25 °C Singapore, SG
April 20, 2021
Latest News
Loss of Arctic sea ice can spoil French wine harvest Southeast Asia to establish its own framework for green investments, but natural gas remains a feature Major Asian bank says it’s not practical in the short term to cut off clients in the coal business Volkswagen Reveals the ID.6 CROZZ and ID.6 X Guest post: How finance from rich nations could drive 40% of new coal plant emissions What’s Greener In Europe — A Train, A Plane, Or A Car? What’s Dirtiest? Polestar 0: A Truly Carbon-Neutral Car By 2030 University researchers raise a toast to biofuel prospects How can small renewable power producers help the Philippines reach its 35% clean energy target? New report hails the decade of renewables as 2020 hits capacity record Low Carbon Aluminum Boosted By Audi’s Use In Automotive First To avoid future pandemics, reverse the destruction of ecosystems Eni’s new treatment plant begins operations Smart energy managed service stations coming in Singapore Is 2021 when net zero targets become a central focus for world leaders? Australia ranked worst in world on Covid recovery spending on green options How wind power is leading America’s energy transition Indoor-Grown Weed Is Spewing Carbon Into the Atmosphere China selects Siemens Energy transformers for first 66kV offshore wind farm LG Energy Solution to invest $4.5bn in US battery production expansion Waning support for nuclear power 10 years after Fukushima Enterprises’ sustainable development contributes to Việt Nam’s prosperity: PM Grab is hatching a carbon-cutting plan Tata Power unveils blockchain-enabled solar trading for Delhi customers Construction set to start on Australia’s first lithium-ion battery manufacturing plant UK Ford Mustang Mach-E Buyers Get Big Charging Boost Via BP Pulse Network Solar power’s future could soon be overshadowed Why a managed shift away from fossil fuels is essential and urgent. Including for petrostates. Dangerous narratives and climate migration IEA releases India Energy Outlook 2021 report

$1b ‘wiped off farm incomes from 20 years of climate change’

More than $1 billion has been wiped from the value of Australia’s annual crop production due to the change in climate over the past two decades, according to a new report.

ABARES Climate report key points

Key points:

  • A new government report finds cropping farmers are most exposed to changing climate, losing $70k from average annual profit
  • ABARES says farmer profits have fallen 22 per cent over past two decades
  • The report suggests drought relief for farmers risks slowing adjustment and innovation

For the first time, government commodity analyst ABARES has quantified the financial loss Australian farmers have experienced due to the increasingly warmer and drier climate.

It found changes in climate since 2000, had reduced the average broadacre farmer’s profits by 22 per cent, or about $18,600 per year.

For cropping farmers — considered the most heavily exposed to climate variability — the annual farm profits fell by 35 per cent, or $70,900.

“We knew it was big, but we didn’t have a precise number before and this model and method allows us to get at that,” report co-author Steve Hatfield-Dodds said.

Dr Hatfield-Dodds said the modelling relied on 30 years of data, which distinguished the impact of price, climate variability and other factors on Australian farms.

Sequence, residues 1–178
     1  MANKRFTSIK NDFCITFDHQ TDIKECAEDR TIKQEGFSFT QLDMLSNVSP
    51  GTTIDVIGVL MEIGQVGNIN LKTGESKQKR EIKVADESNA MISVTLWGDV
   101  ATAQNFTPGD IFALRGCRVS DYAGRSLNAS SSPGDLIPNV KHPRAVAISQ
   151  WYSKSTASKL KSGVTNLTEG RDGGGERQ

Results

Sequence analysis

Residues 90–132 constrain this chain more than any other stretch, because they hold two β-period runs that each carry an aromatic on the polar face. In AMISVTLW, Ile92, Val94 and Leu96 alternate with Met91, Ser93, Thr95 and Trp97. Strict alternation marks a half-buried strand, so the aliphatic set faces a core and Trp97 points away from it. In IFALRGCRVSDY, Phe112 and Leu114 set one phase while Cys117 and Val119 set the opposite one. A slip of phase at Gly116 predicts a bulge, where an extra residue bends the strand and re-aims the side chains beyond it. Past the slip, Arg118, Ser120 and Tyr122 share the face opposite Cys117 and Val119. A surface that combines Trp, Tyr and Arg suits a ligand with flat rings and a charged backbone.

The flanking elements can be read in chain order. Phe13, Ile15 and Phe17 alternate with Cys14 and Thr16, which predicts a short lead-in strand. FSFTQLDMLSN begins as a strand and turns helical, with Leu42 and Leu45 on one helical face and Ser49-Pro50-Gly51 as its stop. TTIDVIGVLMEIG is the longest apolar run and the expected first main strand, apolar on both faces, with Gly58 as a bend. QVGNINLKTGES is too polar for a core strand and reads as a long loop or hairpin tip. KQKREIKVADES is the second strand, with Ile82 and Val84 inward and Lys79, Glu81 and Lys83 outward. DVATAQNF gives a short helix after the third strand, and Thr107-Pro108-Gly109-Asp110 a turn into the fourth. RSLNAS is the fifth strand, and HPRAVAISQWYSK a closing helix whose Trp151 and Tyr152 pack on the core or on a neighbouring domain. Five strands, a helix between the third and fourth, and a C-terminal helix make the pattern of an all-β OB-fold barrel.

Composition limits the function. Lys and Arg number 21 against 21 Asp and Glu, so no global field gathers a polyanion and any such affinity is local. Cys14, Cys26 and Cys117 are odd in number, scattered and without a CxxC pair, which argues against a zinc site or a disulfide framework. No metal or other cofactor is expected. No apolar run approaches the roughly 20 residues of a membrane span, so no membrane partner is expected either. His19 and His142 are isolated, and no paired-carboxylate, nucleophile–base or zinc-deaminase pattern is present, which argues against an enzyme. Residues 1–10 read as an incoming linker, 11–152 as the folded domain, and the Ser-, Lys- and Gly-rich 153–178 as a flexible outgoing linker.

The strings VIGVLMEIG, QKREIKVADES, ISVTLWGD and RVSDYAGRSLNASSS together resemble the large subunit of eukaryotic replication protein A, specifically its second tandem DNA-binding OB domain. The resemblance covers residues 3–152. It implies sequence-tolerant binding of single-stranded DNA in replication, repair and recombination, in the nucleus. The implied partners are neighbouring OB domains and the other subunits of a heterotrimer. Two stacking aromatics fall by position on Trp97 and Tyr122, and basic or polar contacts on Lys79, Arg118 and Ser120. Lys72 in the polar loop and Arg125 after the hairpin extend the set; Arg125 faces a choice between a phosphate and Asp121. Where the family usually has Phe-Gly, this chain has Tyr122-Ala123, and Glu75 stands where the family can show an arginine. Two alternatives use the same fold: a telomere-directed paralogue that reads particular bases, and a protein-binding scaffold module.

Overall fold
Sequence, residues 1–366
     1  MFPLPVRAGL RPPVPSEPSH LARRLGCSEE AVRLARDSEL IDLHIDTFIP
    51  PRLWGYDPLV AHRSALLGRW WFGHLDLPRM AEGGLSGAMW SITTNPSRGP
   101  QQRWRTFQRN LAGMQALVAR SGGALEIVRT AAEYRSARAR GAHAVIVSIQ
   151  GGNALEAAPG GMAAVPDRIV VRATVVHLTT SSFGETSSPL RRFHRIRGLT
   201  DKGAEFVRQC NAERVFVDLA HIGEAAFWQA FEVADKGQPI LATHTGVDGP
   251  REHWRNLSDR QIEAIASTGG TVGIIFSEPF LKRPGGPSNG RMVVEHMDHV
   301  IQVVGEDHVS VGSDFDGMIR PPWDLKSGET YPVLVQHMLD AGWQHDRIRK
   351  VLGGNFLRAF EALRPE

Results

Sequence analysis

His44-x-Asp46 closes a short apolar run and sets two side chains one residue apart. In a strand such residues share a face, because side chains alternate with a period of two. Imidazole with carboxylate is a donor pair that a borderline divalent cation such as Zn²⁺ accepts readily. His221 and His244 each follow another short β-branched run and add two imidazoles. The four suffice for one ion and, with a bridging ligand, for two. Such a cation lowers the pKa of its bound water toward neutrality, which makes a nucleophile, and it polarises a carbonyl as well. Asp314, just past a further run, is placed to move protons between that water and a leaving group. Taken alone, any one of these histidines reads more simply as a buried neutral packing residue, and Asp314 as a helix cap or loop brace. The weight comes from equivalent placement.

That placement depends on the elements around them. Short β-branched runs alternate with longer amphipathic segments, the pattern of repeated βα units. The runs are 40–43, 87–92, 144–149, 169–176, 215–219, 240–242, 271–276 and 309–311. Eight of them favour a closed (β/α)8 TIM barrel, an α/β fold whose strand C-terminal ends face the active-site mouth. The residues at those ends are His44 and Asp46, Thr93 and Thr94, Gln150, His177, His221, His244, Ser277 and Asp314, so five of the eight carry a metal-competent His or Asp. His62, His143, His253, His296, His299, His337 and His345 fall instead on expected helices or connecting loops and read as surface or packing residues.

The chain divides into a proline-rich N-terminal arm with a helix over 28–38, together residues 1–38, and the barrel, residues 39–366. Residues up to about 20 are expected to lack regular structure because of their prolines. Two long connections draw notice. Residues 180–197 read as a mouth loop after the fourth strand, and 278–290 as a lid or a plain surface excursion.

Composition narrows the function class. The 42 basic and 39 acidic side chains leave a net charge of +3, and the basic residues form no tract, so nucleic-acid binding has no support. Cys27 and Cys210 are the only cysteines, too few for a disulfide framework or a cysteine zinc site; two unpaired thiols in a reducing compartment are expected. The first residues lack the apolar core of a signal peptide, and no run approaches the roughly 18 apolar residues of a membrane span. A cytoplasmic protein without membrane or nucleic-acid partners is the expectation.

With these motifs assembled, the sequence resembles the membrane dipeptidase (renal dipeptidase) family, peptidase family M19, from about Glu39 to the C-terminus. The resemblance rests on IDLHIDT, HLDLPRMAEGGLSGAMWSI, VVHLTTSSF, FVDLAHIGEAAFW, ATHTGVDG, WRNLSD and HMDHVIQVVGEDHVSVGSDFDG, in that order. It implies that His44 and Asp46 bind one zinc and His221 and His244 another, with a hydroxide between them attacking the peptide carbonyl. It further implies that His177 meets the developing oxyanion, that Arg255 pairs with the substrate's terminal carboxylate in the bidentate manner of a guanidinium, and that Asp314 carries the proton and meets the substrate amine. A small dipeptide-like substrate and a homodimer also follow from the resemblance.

That was modelled with reporting by the Bureau of Meteorology.

“Essentially, there’s been a shift in climate in the last past 20 years, where the climate has become noticeably hotter and drier,” he said.

Drought support reduces adaptation

The ABARES report has thrown up questions about government support for farmers affected by drought, and how best to drive innovation in the sector, as the climate continues to change.

“Adjustment, change and innovation are fundamental to improving agricultural productivity, maintaining Australia’s competitiveness in world markets, and providing attractive and financially sustainable opportunities for farm households,” it reported.

Dr Hatfield-Dodds said the sector must increase its resilience to a warmer and drier climate.

“There’s a lot of talk about economists versus normal people,” Dr Hatfield-Dodds said.

“The economists worry about drought assistance because there is this unavoidable dilemma between helping farmers who are in need now, and slowing down innovations and adjustment in the sector.

Rural Newsletter

Rural news in your inbox?

Subscribe for the national headlines of the day.

“And we know from this study — and lots of other ones — that innovation is crucial to improving farm income for households over the long run.

“But there aren’t many options for governments to help farmers that don’t risk slowing down innovation.”

He suggested incentives, such as improved weather-insurance policies for farmers, could help build resilience in the sector.

Dr Hatfield-Dodds also highlighted the Federal Government’s Future Drought Fund, providing $100 million a year from next year, as a policy which would support resilience in the sector as the climate evolved.

It was not yet clear how that funding would be allocated, but the legislation passed earlier this year outlined spending on future drought preparedness.

Losses could have been greater

The report found the losses would have been even greater had Australian farmers not adapted to drought as well as they had.

In short, if the average cropping farm had made no adaptions to the hotter and drier climate, its income would have been down by a further $26,700 a year.

Source

Leave a Reply

Your email address will not be published. Required fields are marked *